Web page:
Chapter two presents a phonological overview of Koeneom language and basic syntactic concepts like phrase structure rules/components, basic word order, lexical categories and sentence types. Chapter three which is the core or central of this project shall mark out what ‘Verb phrase’ is about in Koenoem language. Chapter three will also delineate the relevant notion of verb phrase and its major sub-categories. Chapter five summaries and make linguistically significant generalizations about Koenoem language.
1.5 THEORETICAL FRAMEWORK
Theories are bundles of abstract representation existing in the linguistic repertoire of a linguist. The relevance of these theories lies in its practical sense. All the levels of language analysis has one or more theories that are capable of exposing the rudiments or fundamentals of such level. “The varieties of approaches to syntax and the grammars on which they depend make this particular level of language probably the most complex and the most contentious in terms of linguistic criticism”… (Geoffrey, Finch 2000: 82). Allied to the above, theories are propounded in order to present a systematic account (or descriptive) of the linguistic knowledge or competence a native speaker possess. Theories in syntax include traditional, classical, structural or taxonomic, systemic and transformational generative grammar.
The theoretical framework to be employed in this research is “government and binding theory”: a sub-theory of transformational generative grammar. Government and binding theory is a model of grammar propounded and developed by Noam Chomsky. This theory has been chosen because it makes universal claims about natural languages i.e. it explains the systems, principles, conditions and rules that are elements or properties of all human languages. Government and binding theory captures the similarities in natural languages by assigning to them the same structure rather than the case of transformational generative grammar.
In essence, verb phrase as an aspect of syntax will be analysed under the GB theoretical framework.
1.6 DATA COLLECTION AND ANALYSIS
Samarin (1967: 43) says “the kind of corpus a field researcher obtains is determined by the purpose and the techniques he adopts in his data collection”. The focus of this research is largely for language description and primarily for showing antonymity or, oppositeness of some utterances with a view to explaining the semantic implication of such in Koenoem-language.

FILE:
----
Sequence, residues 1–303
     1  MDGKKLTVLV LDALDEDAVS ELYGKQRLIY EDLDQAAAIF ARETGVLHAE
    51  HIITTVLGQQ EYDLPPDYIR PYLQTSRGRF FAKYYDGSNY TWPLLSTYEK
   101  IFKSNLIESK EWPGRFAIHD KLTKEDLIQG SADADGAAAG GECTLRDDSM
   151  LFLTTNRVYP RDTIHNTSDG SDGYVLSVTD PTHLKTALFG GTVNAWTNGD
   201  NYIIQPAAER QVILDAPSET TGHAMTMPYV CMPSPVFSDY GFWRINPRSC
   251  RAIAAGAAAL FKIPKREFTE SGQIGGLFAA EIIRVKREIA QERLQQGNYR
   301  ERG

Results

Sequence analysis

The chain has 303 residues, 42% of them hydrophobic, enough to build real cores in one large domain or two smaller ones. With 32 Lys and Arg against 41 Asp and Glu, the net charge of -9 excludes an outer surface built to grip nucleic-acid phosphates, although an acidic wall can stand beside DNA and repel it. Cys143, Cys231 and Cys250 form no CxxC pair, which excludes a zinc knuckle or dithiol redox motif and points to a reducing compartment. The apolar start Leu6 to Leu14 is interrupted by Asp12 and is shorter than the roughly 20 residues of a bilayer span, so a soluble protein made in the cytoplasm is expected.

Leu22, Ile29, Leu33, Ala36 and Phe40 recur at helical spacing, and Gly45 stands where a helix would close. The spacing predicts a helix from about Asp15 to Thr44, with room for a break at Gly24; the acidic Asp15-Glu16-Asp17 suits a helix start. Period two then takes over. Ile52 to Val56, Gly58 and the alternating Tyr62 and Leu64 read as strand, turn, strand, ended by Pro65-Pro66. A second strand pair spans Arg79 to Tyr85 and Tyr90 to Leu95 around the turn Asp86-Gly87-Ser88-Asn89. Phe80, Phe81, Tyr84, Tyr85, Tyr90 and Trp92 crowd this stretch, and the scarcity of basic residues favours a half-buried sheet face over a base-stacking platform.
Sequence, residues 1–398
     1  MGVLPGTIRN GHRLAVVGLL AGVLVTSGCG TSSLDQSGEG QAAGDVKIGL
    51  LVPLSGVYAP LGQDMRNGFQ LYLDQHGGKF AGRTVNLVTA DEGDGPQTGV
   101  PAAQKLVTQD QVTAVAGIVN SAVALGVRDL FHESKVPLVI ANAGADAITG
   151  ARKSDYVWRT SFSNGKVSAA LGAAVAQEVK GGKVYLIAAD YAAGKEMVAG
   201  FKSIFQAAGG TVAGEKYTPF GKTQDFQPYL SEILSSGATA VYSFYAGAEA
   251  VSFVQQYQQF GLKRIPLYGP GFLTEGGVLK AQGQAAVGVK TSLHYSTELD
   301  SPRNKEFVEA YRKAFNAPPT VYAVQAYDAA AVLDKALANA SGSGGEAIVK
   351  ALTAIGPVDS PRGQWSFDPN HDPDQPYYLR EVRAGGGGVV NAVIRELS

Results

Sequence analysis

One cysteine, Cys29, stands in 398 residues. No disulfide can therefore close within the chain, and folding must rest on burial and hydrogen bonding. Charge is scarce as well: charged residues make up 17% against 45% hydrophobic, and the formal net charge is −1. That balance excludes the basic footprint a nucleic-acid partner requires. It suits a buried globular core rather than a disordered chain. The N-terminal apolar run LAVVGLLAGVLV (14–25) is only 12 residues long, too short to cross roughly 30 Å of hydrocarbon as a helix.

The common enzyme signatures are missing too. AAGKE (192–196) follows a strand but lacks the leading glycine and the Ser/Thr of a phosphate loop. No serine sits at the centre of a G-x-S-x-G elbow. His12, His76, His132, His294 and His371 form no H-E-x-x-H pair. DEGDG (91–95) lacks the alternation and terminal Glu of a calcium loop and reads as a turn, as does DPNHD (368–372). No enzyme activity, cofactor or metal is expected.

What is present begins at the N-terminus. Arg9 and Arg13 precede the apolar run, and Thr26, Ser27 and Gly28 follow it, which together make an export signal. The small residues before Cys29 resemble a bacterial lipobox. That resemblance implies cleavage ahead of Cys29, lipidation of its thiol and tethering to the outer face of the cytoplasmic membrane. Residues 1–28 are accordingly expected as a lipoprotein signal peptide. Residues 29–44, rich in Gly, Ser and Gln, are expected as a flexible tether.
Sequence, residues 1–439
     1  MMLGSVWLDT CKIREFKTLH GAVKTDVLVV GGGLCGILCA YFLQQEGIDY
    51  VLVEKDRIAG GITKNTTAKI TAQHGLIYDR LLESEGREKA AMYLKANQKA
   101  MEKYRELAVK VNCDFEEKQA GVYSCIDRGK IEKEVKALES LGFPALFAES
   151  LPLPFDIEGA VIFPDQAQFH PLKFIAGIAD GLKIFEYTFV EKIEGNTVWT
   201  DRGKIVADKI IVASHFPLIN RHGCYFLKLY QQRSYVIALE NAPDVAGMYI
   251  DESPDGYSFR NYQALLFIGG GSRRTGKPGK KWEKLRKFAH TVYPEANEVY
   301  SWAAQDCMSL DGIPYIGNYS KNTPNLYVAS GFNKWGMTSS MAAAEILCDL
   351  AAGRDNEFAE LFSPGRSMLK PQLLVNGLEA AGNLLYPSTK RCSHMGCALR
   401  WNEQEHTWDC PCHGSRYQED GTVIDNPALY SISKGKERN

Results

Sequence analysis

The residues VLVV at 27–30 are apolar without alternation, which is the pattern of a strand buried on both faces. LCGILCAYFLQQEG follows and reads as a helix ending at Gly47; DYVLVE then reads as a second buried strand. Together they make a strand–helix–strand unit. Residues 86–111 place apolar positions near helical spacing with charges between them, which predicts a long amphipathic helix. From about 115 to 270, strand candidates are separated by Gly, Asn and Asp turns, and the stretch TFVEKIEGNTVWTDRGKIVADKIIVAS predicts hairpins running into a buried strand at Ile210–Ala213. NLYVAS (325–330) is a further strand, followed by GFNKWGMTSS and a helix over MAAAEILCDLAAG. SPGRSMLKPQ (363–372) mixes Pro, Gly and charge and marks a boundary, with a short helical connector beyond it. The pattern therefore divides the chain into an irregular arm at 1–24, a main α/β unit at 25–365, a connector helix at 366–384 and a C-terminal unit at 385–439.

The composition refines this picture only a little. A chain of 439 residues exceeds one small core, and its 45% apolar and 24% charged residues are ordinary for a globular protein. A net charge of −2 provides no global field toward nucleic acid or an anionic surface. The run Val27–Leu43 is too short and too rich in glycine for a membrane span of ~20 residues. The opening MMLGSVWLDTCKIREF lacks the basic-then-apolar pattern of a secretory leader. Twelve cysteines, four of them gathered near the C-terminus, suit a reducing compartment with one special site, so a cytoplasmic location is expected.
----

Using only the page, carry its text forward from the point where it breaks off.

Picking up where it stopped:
The data is collected through contact or informant method. We obtain linguistic data for this study by making use of a proficient informants from the native community. The Koenoem four hundred wordlist together with a framework techniques are the basic instruments of data-collection. The framework techniques” forms a crucial part of this research work since it is the domain of syntax. It helps an informant to adequately account for both underlying and surface syntactic processes that can’t be captured using the Koenoem four hundred basic lexical items. Three informants tirelessly supply this research work with sophisticated or rich data. Below are pieces of information about them.
1. Name: Muhammad Kabir
Age: 56 years
No of years spent in Koeneom: 56 years
Other languages spoken: English, Hausa, Nupe and Igala.
Aspect of the data supplied: Historical background of the Koeneoms
2. Name: Musa Taofeek
Occupation: Traditional ruler
No of years spent in Koeneom: 48
Other languages spoken: Hausa, English, Gwarri and Nupe
Aspect of the data supplied: Part of the wordlist and some sentences.
1.7 DATA ANALYSIS
To ensure clarity and brevity of this research, all data supplied by the informants are accurately transcribed. The component words or constituent of the sentences of the language (Koeneom-language) are carefully glossed and subsequently translated. The data collected are strictly worked upon according to native speakers rendition without any permutation, mutilation, modification or imposition of correctness.
1.8 BRIEF REVIEW OF THE CHOSEN FRAMEWORK
Cook (1988: 86) views GB theory “as an interlocking arrangement of principles and sub-theories which interact in many different ways. Horrocks, G (1987, 95) shared a similar opinion”. GB theory is best described as a set of interacting “components”. GB theory carries over certain aspects of the deep structure into the surface structure through the process of transformations or movement technically termed as move-alpha (move – a) according to Andrew Radford, (1988: 419) transformation is the rule that deals with the act of changing the structure of one sentence to another. Transformations are supplementary rules to the phrase structure rules. The output of the phrase structure rules in the input of transformational rules. This theory was developed to correct the lapses of transformational generative grammar.
GB theory captures the similarities which exist between different categories of lexical phrases by assigning the same structure to them rather than having different phrase structure rules for VOS, Adjps, NPs as postulated by transformational generative grammar. Unlike in TGG, GB theory is a modular deductive theory of grammar. The modules of grammar otherwise known as sub-theories, operate in a modular form, i.e. they are interconnected. Below is the modular theory of grammar that confirms the interlocking nature of the GB theory.
OTHER SIMILAR NIGERIAN/AFRICAN LANGUAGES PROJECTS AND MATERIALS